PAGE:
On June 19th, I fly to London. Upon landing, I immediately catch a train and head 3 hours southwest to the town of Totnes, where I begin a course at Schumacher College co-taught by Sean Kelly (a cultural historian and professor of mine from CIIS), Stephan Harding (ecologist and Gaia theorist), and Rupert Sheldrake (biologist known best for his theory of morphic resonance) called “Gaia theory and the Evolution of Consciousness.” After two weeks of study with these brilliant thinkers, I head to the airport a short distance away in Plymouth to catch a flight to Dublin. There, I’ll meet up with my friend Kelleigh, whose grace and joie de vivre will surely make this leg of the journey especially exciting. Theory will be put to practice in Ireland, as the Gaian ecology learned at Schumacher should give me a renewed appreciation for the beauty of the living landscape. After enjoying the culture (and Guinness!) of Dublin, we head south to the sacred ruins and protected valleys of Glendalough. I’ve recently been reading the story of St. Kevin, who was told by an angel to journey alone to the slopes of Glendalough, where after years of solitary prayer he learned to commune with otters in the lake and birds in the sky, beautifully exemplifying the intimacy with nature so characteristic of Celtic spirituality. The next leg of our Irish adventure takes us west toward Galway. From there, we’ll make our way down the coast by train or bus, stopping in pubs to meet locals and fellow travelers. Eventually, we’ll find ourselves on Dingle peninsula to hike the foothills and gaze across the Atlantic from the edge of seaside cliffs. On the 15th of July, we arrive in West Cork to farm with our WWOOF host, John Dolan, for about a week. Waking up before dawn to tend to the needs of the soil is something I crave, even if I’ll only get a small taste of what such a life in constant communion with the earth is like. From the Dolan farm, we head to Wexford county on the east coast of Ireland to camp and participate in a sustainability and survival skills workshop. That will bring our stay in the land of ire to an end, as we’ll hop on a ferry at the port and cross the sea to Wales. Once there, we’ll rent a car and drive to Brecon Beacon to hike and maybe even camp, then to the town of Hay-on-Wye, famous for its multitude of bookstores full of old classics. I’m on the lookout for some early printings of Coleridge’s Biographia Literaria, a book of poetic philosophy I’ll be drawing from for my dissertation. I imagine Kelleigh and I, bibliophiles that we are, will need to ship a box or two back to the States before we leave! Next, we head towards Glasonbury to soak in the ancient energies of Stonehenge, perhaps built by Druids, who perhaps had help from whatever is responsible for the regular appearance of crop circles in the area. Hopefully we’ll be lucky enough to arrive at the right time to investigate a new one. Then, the first day or two of August, we drive to London to drop the car off and head our separate ways, Kelleigh to Belgium and I to Dornach, Switzerland. I’m attending an English language conference at the Goetheanum (world headquarters of the Anthroposophical Society) on the future of spirituality. The controversial esotericist and Sophiologist Sergei Prokofieff is the only lecturer on the schedule whose name I recognize, but my advisor at CIIS, Robert McDermott (author of The New Essential Steiner), who is well-known among Anthroposophists, assures me I will not be disappointed with the rest of the line up. Prokofieff is an outspoken critic of Valentin Tomberg, whose spiritual classic Meditations on the Tarot: a Journey into Christian Hermeticism (transl. by Robert Powell) has profoundly influenced me. I’ll be interested to hear the angle Prokofieff takes, as I’ve not yet read any of his work.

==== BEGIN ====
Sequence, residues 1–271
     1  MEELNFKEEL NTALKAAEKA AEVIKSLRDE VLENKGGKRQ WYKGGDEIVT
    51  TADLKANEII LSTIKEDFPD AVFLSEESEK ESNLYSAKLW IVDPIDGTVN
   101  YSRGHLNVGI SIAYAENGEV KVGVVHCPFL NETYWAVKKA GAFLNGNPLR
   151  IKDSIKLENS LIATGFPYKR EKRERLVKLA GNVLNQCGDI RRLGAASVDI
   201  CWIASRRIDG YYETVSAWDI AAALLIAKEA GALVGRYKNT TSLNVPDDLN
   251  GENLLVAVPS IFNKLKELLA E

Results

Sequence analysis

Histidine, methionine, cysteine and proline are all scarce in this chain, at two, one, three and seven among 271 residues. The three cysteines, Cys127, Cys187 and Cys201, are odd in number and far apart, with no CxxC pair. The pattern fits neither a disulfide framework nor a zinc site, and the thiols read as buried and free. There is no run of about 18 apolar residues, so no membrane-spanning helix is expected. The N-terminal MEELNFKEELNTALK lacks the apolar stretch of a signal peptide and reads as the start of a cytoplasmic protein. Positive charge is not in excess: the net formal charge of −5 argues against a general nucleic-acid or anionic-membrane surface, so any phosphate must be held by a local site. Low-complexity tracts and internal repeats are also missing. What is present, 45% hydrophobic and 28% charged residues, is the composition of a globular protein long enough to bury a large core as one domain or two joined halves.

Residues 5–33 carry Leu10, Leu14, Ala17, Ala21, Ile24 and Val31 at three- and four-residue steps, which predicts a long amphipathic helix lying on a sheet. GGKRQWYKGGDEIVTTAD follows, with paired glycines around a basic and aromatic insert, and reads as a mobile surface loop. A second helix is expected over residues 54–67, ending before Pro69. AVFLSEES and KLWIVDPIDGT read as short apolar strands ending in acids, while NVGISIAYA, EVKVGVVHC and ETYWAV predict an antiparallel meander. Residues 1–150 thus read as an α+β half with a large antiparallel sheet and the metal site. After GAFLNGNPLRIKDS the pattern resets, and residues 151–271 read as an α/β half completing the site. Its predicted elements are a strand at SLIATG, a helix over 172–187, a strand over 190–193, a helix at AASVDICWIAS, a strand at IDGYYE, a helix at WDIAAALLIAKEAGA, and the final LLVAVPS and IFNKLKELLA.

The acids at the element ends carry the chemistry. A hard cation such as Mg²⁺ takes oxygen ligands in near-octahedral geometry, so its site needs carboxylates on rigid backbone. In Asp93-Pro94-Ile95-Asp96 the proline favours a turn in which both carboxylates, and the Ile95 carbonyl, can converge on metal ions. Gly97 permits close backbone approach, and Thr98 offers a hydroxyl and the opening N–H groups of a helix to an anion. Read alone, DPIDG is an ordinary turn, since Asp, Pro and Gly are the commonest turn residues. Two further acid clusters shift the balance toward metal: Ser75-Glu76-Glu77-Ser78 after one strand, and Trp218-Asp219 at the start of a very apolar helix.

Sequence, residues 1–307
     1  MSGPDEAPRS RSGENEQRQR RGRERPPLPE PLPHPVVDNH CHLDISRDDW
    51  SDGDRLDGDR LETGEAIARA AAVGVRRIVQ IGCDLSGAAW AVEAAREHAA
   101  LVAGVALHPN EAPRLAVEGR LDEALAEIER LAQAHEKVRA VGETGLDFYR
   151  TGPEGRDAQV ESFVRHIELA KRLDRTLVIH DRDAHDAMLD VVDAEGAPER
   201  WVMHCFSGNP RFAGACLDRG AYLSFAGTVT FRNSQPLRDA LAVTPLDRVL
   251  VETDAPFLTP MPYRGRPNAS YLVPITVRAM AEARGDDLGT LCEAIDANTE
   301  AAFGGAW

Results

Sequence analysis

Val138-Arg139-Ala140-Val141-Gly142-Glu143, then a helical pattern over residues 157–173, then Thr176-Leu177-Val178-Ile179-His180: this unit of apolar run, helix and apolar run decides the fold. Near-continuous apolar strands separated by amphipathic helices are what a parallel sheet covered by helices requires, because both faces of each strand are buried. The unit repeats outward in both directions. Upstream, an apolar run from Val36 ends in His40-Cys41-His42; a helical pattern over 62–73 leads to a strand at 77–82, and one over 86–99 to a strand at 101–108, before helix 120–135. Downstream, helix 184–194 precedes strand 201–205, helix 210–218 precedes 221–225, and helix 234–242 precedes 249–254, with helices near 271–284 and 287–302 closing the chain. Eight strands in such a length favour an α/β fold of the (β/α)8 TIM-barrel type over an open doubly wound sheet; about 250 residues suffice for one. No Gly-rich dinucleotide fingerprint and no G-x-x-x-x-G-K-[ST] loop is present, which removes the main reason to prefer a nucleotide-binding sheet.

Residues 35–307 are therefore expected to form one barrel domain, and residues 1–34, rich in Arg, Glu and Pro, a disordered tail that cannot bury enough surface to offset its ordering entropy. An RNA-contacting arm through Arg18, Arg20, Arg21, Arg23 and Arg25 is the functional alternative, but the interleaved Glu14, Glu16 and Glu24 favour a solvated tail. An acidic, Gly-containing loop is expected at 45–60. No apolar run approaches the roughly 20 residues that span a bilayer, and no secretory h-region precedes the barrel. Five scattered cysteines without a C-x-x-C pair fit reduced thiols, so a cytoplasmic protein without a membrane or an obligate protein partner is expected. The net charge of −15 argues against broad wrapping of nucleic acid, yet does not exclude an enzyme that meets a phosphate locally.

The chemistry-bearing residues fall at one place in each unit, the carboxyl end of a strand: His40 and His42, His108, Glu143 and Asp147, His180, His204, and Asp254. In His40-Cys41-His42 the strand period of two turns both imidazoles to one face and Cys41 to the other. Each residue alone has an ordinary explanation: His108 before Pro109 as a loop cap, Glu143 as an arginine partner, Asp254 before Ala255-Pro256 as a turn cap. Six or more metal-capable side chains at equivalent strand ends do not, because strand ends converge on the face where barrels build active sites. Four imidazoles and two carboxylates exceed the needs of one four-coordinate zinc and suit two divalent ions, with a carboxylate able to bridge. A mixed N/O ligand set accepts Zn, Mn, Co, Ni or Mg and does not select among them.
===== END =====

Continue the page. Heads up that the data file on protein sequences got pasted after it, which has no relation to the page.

From Dornach, I head to Italy to visit Florence and Rome for a week each. I have to thank my friend Fr. Thomas Matus for drawing up an extensive itinerary for me during this leg of my journey. He lived for some time at the monastery of St. Gregory the Great in Rome and so knows the city and the culture quite well. There are too many highlights to mention now. I’ll have plenty to recount afterwards, I’m sure.